- Small Business Contractors Also Get Protection: Federal agencies would be required to extend contract performance periods and promptly play small business contractors Small business contractors impacted by COVID-19.
- Debt Relief: For six months, SBA is required to pay all principal, interest and fees on all existing SBA loan products including 7(a), Community Advantage, 504, and Microloan programs for six months.
- Timely: The bill requires that SBA enact these programs with regulations no later than 15 days after the Act is signed into law.
The Details: Providing more cash flow to businesses and incentives to keep employees on payroll is a much-needed life-support program for the economy.
EMERGENCY RELIEF FOR DISTRESSED BUSINESSES
Topline: The Senate’s bill pumps a total of $500 billion in emergency relief to distressed businesses, as well as state and municipalities, provides flexibility for local businesses to team up with local banks, and places commonsense safeguards against abuse.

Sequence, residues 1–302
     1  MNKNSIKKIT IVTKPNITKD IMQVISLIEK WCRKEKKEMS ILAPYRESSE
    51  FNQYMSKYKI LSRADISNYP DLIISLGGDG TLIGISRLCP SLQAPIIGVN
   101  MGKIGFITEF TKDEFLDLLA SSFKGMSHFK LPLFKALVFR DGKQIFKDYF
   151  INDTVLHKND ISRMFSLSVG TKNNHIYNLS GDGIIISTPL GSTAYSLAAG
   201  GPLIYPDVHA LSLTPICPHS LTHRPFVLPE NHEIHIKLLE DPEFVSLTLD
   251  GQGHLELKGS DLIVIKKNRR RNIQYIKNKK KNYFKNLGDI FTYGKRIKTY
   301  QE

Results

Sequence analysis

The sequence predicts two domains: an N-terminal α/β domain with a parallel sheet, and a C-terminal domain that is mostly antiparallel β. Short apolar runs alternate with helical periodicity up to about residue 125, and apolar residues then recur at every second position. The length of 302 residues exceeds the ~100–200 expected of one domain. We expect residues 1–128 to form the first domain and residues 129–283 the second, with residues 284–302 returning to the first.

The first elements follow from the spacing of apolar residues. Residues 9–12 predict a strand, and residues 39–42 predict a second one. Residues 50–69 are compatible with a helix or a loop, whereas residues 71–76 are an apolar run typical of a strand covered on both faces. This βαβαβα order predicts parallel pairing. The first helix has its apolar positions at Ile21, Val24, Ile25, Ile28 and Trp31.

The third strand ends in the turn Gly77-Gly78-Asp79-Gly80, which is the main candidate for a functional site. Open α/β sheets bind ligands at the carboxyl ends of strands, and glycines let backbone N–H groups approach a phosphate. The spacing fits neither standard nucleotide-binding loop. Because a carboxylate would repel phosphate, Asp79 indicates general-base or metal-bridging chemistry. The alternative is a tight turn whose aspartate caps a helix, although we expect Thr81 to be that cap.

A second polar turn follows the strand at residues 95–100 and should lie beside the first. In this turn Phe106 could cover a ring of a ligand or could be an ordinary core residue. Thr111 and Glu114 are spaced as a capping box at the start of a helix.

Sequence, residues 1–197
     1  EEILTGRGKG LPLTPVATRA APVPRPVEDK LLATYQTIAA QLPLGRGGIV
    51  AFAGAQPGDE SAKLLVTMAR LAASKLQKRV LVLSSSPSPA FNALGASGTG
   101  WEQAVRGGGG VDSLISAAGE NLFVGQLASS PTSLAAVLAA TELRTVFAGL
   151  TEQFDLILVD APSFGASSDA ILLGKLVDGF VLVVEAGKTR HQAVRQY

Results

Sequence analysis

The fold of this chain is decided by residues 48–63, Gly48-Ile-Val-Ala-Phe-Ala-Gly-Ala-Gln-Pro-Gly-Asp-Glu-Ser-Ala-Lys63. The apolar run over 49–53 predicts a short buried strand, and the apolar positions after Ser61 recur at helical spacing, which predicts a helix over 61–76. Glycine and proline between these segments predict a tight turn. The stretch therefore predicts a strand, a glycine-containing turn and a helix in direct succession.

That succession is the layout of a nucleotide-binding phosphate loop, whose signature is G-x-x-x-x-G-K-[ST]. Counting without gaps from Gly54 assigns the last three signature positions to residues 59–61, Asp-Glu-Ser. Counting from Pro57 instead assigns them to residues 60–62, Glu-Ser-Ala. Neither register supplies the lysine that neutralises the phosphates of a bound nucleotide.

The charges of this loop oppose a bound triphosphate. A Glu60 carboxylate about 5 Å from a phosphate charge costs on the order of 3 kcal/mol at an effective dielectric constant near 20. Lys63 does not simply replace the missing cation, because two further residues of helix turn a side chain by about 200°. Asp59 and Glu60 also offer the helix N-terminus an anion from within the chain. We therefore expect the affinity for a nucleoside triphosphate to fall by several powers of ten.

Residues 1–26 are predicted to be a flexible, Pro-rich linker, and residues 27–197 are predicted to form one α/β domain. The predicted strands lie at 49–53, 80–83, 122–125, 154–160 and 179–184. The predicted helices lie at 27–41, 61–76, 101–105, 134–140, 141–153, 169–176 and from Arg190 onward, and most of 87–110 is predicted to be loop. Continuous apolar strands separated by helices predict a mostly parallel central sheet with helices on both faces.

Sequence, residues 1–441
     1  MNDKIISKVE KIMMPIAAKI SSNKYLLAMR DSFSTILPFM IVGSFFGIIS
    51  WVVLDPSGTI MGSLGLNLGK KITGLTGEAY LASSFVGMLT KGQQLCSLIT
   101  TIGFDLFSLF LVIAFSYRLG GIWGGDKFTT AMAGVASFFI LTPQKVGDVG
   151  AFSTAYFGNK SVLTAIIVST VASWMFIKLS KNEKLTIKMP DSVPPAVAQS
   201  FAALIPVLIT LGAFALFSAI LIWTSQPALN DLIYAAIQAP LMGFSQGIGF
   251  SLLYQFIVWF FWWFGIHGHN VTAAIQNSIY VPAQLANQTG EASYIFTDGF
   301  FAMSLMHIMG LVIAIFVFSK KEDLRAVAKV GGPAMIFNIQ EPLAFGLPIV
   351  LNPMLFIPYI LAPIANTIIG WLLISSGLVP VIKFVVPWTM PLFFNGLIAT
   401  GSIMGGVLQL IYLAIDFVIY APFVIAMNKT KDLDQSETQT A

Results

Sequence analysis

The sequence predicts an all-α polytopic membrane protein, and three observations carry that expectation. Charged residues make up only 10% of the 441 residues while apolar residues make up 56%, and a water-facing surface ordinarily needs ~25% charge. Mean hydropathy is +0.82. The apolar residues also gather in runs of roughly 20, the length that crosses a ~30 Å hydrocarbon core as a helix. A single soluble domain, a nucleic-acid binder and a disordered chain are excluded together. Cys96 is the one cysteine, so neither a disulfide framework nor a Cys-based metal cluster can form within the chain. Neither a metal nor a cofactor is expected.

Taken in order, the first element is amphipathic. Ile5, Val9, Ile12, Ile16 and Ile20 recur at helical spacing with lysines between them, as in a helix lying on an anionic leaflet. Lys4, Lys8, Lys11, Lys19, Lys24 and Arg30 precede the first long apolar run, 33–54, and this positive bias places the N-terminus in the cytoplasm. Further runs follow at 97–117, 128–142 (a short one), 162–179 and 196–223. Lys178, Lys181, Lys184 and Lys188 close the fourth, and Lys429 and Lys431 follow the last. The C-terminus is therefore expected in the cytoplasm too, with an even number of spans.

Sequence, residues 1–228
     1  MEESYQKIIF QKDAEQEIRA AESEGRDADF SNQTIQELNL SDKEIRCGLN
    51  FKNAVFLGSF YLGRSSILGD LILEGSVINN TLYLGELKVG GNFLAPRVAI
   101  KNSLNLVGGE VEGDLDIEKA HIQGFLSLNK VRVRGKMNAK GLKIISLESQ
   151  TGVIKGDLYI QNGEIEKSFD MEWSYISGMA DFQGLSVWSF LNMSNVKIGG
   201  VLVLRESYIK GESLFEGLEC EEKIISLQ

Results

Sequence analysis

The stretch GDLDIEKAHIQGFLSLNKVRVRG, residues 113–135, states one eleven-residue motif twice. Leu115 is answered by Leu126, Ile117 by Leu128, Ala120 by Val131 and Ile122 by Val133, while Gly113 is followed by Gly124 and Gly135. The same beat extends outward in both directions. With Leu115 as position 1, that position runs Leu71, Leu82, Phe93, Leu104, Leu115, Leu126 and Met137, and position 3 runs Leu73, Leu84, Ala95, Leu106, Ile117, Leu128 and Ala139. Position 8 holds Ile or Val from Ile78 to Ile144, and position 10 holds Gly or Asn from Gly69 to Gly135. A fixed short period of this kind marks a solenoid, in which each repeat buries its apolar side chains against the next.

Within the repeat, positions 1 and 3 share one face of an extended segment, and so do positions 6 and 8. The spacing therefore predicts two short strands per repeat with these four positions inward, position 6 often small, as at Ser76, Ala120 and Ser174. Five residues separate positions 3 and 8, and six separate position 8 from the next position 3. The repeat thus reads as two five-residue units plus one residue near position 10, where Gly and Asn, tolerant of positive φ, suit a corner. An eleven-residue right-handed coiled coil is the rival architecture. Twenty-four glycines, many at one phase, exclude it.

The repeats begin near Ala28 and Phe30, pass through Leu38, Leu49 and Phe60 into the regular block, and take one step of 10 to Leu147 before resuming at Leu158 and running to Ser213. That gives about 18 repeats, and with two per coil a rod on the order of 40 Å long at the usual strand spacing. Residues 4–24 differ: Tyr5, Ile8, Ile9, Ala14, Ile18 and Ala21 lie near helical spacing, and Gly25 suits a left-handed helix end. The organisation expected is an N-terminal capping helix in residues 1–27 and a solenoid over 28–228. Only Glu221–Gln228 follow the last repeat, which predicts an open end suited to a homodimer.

- Unleashes the Fed’s Tools to Provide Liquidity: $425 billion for loans, loan guarantees, and investments in support of facilities established by the Fed under 13(3) authority for purpose of providing liquidity to businesses, states, or municipalities through purchasing obligations or other interests directly from issuers of such obligations or other interests.
- Loans, Not Bailouts, for Major Industry: Direct lending to the following: $50 billion for passenger airlines, $8 billion for cargo airlines, and $17 billion for businesses critical to “maintaining national security.”
- Protecting Workers, Not Boosting Executive Compensation: Employee and executive total compensation may not exceed $425,000, stock buybacks are prohibited during the duration of the loan, and borrowers must maintain exiting payroll as of March 13
- Giving Businesses and Banks Flexibility to Work Together: The bill cuts red tape to ensure that banks have room to provide the resources businesses need.
The Details: Workers need to be able to return to their livelihoods once this crisis is over. The Senate’s bill ensures that loans will be made available to key industries with strong taxpayer protections, and ensures that businesses will have access to the resources they need from local banks.